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also known as Duze Zwierze

The Big Animal2000

  • 4.4
A lovely, passionate film that exposes greed and pettiness while celebrating the most beautiful human themes: Love, friendship and tolerance. When the circus leaves town, Zygmunt Sawicki and his wife Marysia unwittingly adopt a camel into their family. The couple quickly forms a close bond with the nameless camel. At first the townspeople, too, are enthralled with the giant animal, since it is a welcome distraction from their everyday routine. As the bond between the couple and their camel grows stronger, the town-people suddenly begin to ostracize them. Renowned filmmaker Krzysztof Kieslowski wrote the screenplay (based on the novel, "Wielblad," by Kazimierz Orlos) in the 1970s, at the height of political oppression and social upheaval during the Communist era. This hothouse environment cultivated Poland's Cinema of Moral Anxiety and subversive criticism through the arts when it was difficult to speak openly. Mr. Kieslowki's friend Elzbieta Scotti safeguarded the script of THE BIG ANIMAL and after his death, returned it to his widow.

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"The camel is a lumbering metaphor: an incarnation of all those things that, however socially useless they may be (and whatever messes they may leave behind), nonetheless give life its joy, its value and its meaning. Things like movies." -A.O. Scott, NYT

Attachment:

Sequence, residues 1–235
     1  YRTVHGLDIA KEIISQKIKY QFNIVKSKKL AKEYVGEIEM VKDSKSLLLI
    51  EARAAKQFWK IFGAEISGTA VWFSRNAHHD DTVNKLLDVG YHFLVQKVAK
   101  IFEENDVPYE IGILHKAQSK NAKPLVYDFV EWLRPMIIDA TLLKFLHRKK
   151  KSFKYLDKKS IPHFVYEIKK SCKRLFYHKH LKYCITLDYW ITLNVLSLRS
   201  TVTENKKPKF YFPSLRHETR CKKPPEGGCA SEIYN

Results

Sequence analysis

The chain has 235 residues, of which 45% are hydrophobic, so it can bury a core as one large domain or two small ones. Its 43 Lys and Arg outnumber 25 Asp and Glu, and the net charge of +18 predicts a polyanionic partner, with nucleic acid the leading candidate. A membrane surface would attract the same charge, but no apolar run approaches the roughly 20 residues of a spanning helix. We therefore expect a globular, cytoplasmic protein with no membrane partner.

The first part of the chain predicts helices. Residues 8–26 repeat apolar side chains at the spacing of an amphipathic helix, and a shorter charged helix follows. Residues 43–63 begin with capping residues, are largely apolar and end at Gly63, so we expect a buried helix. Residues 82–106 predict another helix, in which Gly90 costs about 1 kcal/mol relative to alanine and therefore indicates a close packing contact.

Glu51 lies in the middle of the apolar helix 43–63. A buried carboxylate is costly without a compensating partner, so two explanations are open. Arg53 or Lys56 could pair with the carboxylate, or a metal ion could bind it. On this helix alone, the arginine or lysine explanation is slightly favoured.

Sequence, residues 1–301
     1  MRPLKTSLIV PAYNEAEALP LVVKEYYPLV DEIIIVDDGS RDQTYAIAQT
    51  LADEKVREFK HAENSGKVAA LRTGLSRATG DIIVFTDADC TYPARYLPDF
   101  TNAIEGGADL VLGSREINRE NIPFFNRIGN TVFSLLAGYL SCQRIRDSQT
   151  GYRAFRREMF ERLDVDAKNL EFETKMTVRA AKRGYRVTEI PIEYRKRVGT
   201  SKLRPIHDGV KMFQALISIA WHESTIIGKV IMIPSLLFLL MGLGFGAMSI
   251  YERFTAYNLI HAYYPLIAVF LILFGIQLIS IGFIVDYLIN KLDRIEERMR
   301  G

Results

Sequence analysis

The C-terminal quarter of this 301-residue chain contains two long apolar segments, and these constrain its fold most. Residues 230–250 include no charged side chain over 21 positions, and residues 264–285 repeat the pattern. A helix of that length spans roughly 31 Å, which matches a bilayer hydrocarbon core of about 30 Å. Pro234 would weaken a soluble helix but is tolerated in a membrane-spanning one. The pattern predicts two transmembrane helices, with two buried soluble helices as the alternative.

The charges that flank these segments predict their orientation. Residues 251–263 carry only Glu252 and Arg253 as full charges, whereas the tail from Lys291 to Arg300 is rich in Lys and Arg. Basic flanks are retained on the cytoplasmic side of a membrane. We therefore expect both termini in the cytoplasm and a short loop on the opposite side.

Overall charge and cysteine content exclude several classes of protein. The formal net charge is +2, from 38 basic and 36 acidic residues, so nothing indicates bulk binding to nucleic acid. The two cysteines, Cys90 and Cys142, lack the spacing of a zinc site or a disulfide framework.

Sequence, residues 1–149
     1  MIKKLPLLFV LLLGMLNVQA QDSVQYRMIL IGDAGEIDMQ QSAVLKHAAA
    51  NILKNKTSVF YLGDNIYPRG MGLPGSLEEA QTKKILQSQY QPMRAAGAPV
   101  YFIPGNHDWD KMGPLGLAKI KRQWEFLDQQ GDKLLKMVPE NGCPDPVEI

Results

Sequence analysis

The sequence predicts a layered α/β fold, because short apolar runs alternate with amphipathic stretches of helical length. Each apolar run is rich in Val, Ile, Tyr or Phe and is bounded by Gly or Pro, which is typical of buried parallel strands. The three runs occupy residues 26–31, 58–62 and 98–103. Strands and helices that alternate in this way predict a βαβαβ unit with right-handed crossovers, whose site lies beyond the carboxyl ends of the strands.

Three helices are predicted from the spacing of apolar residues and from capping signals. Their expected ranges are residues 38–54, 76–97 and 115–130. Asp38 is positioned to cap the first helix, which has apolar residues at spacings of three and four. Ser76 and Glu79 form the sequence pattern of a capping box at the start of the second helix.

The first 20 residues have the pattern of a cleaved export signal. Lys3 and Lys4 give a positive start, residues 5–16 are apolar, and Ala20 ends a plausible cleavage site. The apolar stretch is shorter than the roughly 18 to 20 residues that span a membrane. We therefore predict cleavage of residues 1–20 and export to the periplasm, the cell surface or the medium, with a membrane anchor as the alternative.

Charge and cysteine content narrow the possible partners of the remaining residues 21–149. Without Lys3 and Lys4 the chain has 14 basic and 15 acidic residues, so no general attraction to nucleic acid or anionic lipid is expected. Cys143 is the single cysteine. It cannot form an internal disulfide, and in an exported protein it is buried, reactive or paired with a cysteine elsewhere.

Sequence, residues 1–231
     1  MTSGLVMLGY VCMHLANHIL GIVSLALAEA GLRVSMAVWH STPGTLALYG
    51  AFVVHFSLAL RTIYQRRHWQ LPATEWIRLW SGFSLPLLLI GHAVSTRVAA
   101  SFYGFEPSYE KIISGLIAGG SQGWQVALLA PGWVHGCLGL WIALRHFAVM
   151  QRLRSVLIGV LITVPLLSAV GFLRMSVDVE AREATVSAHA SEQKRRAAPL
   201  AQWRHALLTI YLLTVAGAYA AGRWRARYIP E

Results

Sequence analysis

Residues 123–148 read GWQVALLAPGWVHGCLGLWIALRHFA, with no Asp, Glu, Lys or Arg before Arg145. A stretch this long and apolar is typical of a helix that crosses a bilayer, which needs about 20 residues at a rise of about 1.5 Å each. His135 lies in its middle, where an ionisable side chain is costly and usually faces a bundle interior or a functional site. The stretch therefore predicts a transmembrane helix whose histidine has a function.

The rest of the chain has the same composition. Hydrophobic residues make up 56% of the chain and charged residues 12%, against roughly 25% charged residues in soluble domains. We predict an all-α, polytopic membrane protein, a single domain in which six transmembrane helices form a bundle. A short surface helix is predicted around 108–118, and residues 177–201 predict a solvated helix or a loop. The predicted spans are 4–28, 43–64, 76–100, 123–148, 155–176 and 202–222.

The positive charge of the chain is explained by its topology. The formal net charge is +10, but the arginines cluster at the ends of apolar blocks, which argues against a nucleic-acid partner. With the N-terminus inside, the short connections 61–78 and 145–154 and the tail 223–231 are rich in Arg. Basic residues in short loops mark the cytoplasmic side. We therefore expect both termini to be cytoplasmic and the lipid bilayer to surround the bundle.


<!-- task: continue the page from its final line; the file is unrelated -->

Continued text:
1 member likes this review

A simple story dealing with complex issues. Why, in modern society, do some hate those who are 'different' instead of trying to understand them? Why do some want to force others to conform to their notion of normal? This film could have easily fallen into a trough of tropes or cliches, and the inclusion of a camel may have pushed it toward comedy or farce. Instead, this seemingly straightforward story is as 'real' as any told (at least that I can think of).

I recommend it for everyone, no matter your preferences in film.

Member Reviews (4)

A simple story dealing with complex issues. Why, in modern society, do some hate those who are 'different' instead of trying to understand them? Why do some want to force others to conform to their notion of normal? This film could have easily fallen into a trough of tropes or cliches, and the inclusion of a camel may have pushed it toward comedy or farce. Instead, this seemingly straightforward story is as 'real' as any told (at least that I can think of).

I recommend it for everyone, no matter your preferences in film.

1 member likes this review
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top reviewer

This is fascinating. Eastern European filmmaking is so different, especially in pacing. This is essentially a morality play with a huge protagonist. I enjoyed it. It is a clever allegory which unfortunately did not get to be made wh en it could actually do much good. Perhaps this should be transposed into a Burmese setting? Sublime

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top reviewer

So touching. Also a bitting commentary on society's harsh indictment of individuals straying from its predetermined norms. wonderful film!

wonderful